(which co-starred Jason Jones, now of Daily Show fame, and one of my former college roommates), and through Tamara’s maneuverings, she arranged for me and the gang to have dinner with Bruce.  We enjoyed a lovely meal with Bruce and his wife Ida, had a grand old time, and figured that was an experience for the ages.  We’d dined with Bruce Friggin’ Campbell — one of our Bucket List goals accomplished.

Then Bruce started calling us.  I think he was lonely (Ida flew back home to Oregon, he was stuck in Toronto) so we ended up seeing a lot of Bruce over that month and a bit.  We hung out and watched movies.  We went to bars.  We even watched Spider-Man with him on its opening weekend.  At any rate, Bruce left after filming, but would be back for the Festival, along with Don, as Bubba Ho-Tep was accepted into the Midnight Madness program.  So with that a factor, I decided “what the hell” and agreed to cover the fest.  On a Saturday night, I watched Bubba Ho-Tep along with another thousand fans at the long gone Uptown Theater, got home way too late, and got up way too early to interview Bruce and Don at a hotel downtown. 

The interview ended and Bruce had to bail – he was doing an in-store signing of his book If Chins Could Kill – and the ever gracious Don was due for a private “meet and greet” with the staff of Rue Morgue.  He also treated Rod and me and a Phantasm Fan he met on the street to lunch (again, Don is the nicest guy I’ve ever met in the movie biz).  We travelled to the Morgue offices and Don spent the next hour and a half meeting the extended Rue Morgue family, signing memorabilia and being an all-around great guy.  At the end of the meet and greet, he and I were given a lift back to Fest Central, as I had another screening in a couple hours, and he was due to meet with Bruce for more interviews.  So we went over to the bookstore (the Chapters megastore on Bloor, now long gone) to track the Chin down.  Upon arriving, we could find no sign of him and were on the cusp of leaving when a publicist recognized us as “Bruce’s friends.”  He was in the green room, signing store copies, and she took us up there.  As we waited for Bruce, another publicist came up to us and told Don how much she enjoyed Bubba Ho-Tep.  She then turned to me and introduced herself, offering her hand, which I took in mine.  She was from New Jersey, and heading back the next day but we did meet up after Bruce was done and grabbed coffee and had a nice talk about, well, everything.  As we — Don and I  – left the green room, he turned to me and said “hey, who was that girl?”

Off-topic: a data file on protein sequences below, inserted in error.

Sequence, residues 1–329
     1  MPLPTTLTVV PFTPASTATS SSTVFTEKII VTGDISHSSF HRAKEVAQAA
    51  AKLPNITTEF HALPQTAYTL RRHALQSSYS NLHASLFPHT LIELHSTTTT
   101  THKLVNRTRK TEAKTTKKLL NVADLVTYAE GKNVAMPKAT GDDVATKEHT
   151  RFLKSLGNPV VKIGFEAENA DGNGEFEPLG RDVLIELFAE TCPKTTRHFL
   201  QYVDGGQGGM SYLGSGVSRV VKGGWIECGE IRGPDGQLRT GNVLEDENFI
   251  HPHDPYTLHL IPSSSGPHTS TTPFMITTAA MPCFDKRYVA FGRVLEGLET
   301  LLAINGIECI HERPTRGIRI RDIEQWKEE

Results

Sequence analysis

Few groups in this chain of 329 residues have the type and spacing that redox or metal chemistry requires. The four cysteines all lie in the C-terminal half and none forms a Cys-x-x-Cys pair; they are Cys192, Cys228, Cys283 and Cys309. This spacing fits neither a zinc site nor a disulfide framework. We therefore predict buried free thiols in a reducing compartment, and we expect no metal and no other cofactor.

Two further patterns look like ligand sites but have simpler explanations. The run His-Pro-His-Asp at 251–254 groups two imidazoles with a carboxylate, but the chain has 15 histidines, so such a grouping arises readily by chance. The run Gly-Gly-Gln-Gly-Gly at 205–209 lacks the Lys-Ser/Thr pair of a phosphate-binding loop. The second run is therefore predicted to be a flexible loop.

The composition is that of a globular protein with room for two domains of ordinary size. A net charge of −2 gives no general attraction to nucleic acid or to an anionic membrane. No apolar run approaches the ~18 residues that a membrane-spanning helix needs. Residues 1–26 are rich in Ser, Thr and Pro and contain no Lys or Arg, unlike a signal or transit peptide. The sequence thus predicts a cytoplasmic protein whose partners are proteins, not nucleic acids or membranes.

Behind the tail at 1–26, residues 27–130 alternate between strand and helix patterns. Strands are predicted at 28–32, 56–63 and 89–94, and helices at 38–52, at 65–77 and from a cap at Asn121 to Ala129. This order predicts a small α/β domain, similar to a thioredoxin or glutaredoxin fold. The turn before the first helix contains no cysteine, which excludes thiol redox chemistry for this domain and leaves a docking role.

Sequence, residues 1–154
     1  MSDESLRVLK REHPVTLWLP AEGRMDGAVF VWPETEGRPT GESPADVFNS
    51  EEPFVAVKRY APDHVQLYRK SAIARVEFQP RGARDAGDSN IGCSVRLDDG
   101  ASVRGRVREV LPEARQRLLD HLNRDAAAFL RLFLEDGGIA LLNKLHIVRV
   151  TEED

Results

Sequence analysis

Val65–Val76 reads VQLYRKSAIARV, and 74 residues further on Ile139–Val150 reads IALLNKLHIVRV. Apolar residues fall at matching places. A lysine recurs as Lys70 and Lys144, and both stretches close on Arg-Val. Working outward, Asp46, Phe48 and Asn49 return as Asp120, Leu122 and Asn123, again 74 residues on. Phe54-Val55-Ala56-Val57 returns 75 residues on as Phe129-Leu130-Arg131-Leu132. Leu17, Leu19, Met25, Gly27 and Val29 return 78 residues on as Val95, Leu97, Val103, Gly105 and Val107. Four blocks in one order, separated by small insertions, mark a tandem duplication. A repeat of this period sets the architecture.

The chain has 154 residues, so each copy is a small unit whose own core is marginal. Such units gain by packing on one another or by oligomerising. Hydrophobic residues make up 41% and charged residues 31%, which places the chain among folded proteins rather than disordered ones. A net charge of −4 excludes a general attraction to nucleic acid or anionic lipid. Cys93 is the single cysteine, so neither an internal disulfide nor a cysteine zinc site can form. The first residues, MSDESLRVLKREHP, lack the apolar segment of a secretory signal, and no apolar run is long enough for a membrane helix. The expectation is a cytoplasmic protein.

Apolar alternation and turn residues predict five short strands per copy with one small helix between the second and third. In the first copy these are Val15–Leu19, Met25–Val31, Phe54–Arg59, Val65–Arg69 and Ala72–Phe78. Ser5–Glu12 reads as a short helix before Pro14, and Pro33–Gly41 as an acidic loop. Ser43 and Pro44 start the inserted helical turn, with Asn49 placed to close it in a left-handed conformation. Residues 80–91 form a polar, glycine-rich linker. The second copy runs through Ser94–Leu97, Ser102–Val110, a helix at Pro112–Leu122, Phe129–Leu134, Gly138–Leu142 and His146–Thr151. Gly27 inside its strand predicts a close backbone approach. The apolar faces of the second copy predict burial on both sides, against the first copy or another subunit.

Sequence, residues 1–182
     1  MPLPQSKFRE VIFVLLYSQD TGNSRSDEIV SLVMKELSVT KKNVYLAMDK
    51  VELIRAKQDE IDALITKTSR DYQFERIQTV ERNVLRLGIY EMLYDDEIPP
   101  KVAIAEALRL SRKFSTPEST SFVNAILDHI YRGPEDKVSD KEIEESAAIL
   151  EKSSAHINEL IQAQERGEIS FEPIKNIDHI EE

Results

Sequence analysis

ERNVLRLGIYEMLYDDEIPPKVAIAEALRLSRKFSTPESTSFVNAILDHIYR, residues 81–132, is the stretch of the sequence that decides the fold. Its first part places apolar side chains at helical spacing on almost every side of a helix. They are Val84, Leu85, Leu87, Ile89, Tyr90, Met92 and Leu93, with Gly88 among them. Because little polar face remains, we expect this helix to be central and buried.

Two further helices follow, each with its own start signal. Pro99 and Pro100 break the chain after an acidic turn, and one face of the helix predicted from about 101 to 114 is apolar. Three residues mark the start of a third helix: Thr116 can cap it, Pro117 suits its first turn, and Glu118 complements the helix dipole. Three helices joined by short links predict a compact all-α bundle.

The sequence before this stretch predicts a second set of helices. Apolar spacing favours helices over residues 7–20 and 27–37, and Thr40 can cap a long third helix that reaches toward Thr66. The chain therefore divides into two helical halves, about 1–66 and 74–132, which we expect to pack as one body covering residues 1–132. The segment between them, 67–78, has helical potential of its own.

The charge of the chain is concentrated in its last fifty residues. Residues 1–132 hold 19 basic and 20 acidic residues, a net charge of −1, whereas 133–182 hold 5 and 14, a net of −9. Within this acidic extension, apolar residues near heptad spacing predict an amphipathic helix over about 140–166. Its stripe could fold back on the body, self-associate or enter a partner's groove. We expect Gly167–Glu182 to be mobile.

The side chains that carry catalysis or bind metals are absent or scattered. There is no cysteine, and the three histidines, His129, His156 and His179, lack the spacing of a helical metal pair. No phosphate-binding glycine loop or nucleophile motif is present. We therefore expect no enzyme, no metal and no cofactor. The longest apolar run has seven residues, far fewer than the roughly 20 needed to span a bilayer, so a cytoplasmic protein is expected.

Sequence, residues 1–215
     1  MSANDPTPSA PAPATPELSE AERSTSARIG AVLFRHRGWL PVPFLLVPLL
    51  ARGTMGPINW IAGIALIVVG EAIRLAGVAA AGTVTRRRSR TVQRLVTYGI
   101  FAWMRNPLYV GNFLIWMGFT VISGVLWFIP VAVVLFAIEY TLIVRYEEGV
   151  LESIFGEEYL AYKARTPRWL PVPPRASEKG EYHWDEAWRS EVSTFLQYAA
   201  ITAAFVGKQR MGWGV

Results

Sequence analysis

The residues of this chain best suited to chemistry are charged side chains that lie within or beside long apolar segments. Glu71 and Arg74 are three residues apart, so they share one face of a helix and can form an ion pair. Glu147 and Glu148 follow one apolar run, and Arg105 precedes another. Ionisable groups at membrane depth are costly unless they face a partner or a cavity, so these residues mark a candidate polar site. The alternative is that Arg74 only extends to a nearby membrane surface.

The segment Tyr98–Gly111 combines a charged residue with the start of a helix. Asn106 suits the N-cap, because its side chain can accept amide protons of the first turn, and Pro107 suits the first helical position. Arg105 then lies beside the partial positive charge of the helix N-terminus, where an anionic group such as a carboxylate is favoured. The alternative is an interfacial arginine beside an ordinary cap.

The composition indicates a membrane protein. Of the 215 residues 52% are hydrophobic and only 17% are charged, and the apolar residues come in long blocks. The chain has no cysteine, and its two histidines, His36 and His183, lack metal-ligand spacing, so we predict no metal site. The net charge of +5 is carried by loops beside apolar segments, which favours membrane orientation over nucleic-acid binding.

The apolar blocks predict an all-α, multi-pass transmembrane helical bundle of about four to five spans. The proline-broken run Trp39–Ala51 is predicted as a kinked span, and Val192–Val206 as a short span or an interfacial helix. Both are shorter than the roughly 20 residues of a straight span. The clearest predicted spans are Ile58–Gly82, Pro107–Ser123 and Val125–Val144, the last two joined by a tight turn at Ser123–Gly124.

Well, six years after that fateful meeting, “that girl” became my wife. 

Every anniversary of that first meeting (September 8, 2002), makes me think of Bubba Ho-Tep, of Bruce and Don, of Rue Morgue and Fantasia, and the seemingly impossible sets of coincidence and providence that led to our meeting; a journey that continues down here in NYC daily.  If just one thing had been different about that four year span from 1998-2002, we never would have met and I’d be who knows where. I think that’s been the case of the very best things that have happened to me and my life — those moments where I veered left instead of right, where I decided to cover a festival “one more time”, where I decided to ask a girl out for coffee even though she was returning to her home in another country the next day.  Nothing good ever comes to those who sit around and wait.  If you want it, you have to work for it.

This entry was posted in Brad, Memory, movies, NYC, Writing by Brad. Bookmark the permalink.

About Brad

I'm the author of MAGICIANS IMPOSSIBLE, writer and creator of MIXTAPE, the screenwriter of STONEHENGE APOCALYPSE, ROBOCOP PRIME DIRECTIVES, and FRESH MEAT. My television work includes THE CANADA CREW, NOW YOU KNOW, and I LOVE MUMMY.